Where the Heck are the Small A/V Receivers?

by Taps Das
Mantle with mocked up sizes of potential receivers under Sony tv

recently moved into a new home. In the family room is an existing feature-wall-built-in that is wired for 7 channel (channels 6 and 7 being for front height) sound. The built-in includes an electric fireplace, a spot for a flatscreen TV above, which can be shuttered with some clunky doors. On either side of the fireplace are low-doored cabinets with three shelves above. It’s a beautiful unit and is altogether pretty awesome until the home theater geek in me took a closer look.

There were a few catches and some potentially massive problems with the built-in:

  • The depth. The center column is only 15″ deep. The depth of the cabinets and shelves is only 10″ deep.
  • The speaker wires are thin gauge and were put in first before the built-in was finished around them. Making switching them out not possible for this “unhandy” man. 

The shallow depth meant that my Marantz SR6009 receiver, while already one of the shallower depth A/V receivers on the market, is too deep. And that I had to start looking at speaker alternatives as the bookshelf options I have are all too deep. The latter point is less of a problem than the former. 

Built in shelves with tv and fireplace
I now had to hunt for a shallow depth A/V receiver that could also power a 7-channel speaker setup. And hunt I did. I drove my wife crazy looking at and talking about receiver options day and night. And I noticed something. There wasn’t much to choose from. Most modern receivers are large bulky boxes with just a few of them being small. But nothing too small. There were two brand contenders. Marantz with its slimline A/V receiver series consisting of the 5.2 channel NR 1510 and 7.2 NR1711, and then Sony with the STR-DH790 7.2 channel and STR-DH590 5.2 channel. In the end, Sony won out with the STR-DH790 as it was the full 7 channels and was shallow enough to comfortably fit in the space below the TV while still allowing us to close the doors on the built-in should we ever (we haven’t yet) choose to do so.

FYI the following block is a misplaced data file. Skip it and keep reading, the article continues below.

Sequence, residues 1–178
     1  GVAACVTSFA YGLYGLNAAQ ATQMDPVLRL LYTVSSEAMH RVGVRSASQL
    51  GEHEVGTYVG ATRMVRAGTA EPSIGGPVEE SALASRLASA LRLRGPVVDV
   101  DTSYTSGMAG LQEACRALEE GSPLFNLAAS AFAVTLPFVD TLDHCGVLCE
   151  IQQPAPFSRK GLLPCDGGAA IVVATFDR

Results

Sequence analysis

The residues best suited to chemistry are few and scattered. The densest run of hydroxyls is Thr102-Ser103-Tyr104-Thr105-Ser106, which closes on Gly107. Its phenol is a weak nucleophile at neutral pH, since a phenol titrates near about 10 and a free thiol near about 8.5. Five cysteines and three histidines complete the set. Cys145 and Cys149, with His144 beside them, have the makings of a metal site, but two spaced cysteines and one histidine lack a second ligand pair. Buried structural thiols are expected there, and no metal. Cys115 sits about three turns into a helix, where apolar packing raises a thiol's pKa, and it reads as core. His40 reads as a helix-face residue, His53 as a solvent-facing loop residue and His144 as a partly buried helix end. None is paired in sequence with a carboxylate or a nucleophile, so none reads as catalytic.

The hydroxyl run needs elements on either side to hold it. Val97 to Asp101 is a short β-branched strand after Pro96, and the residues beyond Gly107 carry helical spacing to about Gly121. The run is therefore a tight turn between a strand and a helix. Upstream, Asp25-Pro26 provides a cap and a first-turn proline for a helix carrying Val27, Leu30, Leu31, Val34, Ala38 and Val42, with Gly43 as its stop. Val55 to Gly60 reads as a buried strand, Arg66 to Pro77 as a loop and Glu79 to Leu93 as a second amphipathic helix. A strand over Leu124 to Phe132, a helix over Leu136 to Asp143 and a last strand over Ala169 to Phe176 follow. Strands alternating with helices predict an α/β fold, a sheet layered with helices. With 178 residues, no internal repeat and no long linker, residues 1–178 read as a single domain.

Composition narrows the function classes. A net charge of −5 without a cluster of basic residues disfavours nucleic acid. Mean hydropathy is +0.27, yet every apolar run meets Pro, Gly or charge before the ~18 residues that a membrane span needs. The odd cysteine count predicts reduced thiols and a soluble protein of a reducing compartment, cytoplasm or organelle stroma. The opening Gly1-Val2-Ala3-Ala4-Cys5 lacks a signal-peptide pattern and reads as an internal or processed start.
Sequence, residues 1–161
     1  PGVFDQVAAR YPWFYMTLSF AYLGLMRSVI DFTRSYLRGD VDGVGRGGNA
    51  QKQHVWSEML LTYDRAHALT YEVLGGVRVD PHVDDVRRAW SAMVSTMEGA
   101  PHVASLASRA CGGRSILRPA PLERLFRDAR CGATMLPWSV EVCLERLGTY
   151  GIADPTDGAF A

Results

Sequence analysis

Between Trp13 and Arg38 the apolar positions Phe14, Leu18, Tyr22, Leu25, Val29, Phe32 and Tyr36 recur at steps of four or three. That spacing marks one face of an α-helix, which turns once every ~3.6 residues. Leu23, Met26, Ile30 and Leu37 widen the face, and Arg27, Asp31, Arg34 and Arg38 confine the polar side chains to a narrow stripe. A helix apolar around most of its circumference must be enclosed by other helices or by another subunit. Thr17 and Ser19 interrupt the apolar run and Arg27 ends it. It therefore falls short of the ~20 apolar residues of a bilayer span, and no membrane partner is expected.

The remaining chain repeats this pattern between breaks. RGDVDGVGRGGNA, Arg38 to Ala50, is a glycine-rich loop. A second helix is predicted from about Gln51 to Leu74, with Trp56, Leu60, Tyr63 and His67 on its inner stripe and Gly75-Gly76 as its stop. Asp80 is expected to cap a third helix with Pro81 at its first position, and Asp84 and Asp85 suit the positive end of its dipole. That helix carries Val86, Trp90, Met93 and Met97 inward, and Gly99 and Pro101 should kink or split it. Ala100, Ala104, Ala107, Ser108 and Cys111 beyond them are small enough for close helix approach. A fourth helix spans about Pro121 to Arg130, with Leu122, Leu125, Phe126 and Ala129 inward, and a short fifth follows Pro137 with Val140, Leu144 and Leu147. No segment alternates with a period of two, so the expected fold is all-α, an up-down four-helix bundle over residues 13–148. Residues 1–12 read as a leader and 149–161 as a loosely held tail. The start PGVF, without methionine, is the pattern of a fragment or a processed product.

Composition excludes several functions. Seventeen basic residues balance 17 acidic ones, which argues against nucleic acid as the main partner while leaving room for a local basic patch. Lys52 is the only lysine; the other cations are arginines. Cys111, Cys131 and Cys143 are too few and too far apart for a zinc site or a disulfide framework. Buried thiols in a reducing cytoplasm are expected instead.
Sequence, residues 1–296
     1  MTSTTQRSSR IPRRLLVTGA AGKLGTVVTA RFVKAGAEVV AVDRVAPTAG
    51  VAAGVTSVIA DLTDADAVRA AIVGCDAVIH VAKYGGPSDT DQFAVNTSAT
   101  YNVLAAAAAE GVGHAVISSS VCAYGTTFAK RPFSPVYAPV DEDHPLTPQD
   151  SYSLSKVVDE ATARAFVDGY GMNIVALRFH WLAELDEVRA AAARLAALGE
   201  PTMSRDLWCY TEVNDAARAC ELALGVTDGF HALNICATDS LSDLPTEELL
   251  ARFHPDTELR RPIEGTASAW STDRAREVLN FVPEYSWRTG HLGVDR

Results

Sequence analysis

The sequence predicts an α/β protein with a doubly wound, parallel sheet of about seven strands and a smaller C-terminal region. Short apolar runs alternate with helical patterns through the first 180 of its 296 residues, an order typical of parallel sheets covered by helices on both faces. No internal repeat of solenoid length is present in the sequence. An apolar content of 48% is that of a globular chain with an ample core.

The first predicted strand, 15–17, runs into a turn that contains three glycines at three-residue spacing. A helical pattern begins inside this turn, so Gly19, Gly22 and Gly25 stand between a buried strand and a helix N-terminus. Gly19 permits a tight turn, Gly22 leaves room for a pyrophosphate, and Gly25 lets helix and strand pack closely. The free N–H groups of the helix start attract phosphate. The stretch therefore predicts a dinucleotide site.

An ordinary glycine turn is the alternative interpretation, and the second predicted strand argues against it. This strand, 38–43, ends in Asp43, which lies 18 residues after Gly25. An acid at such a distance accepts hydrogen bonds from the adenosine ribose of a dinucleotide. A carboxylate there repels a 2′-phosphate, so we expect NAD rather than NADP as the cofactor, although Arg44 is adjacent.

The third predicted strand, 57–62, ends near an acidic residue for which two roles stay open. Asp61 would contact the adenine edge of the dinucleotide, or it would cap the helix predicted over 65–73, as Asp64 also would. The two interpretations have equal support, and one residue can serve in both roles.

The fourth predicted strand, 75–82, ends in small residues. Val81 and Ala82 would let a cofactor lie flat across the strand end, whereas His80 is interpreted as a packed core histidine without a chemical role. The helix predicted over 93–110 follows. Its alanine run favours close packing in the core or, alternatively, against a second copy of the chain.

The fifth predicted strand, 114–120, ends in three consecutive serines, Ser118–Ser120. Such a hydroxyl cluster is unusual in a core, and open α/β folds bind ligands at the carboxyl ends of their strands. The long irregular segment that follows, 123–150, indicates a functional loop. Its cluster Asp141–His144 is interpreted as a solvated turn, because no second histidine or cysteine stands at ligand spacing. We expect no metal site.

The Sony was priced drastically lower —$549 CDN—than the modern-day equivalent of my SR6009 the $2,699 Marantz SR6015. I bought my SR6009 in 2015 in open box condition for around $1,600. The sound from the Sony STR-DH790 is ok. It’s leaner, brighter, tinnier, and lacks the same oomph that I was conditioned to, from my Marantz. But I get it, you do get what you pay for, and I’m quite happy with the unit. It works flawlessly and sounds pretty darn good. Now, I just have to buy some surround rears, some front heights, and a subwoofer. I’m looking into wireless options for the sub and am doing my research for the most reliable and cost-effective option.  

Showing shelf depth with receiver position
But what I can’t stop thinking about, is the lack of any small shallow depth AV receiver options out on the market today. I would have thought that with all of the new amazing equipment being released, and now the proliferation of Class D amplification, there would have been a dearth of available options.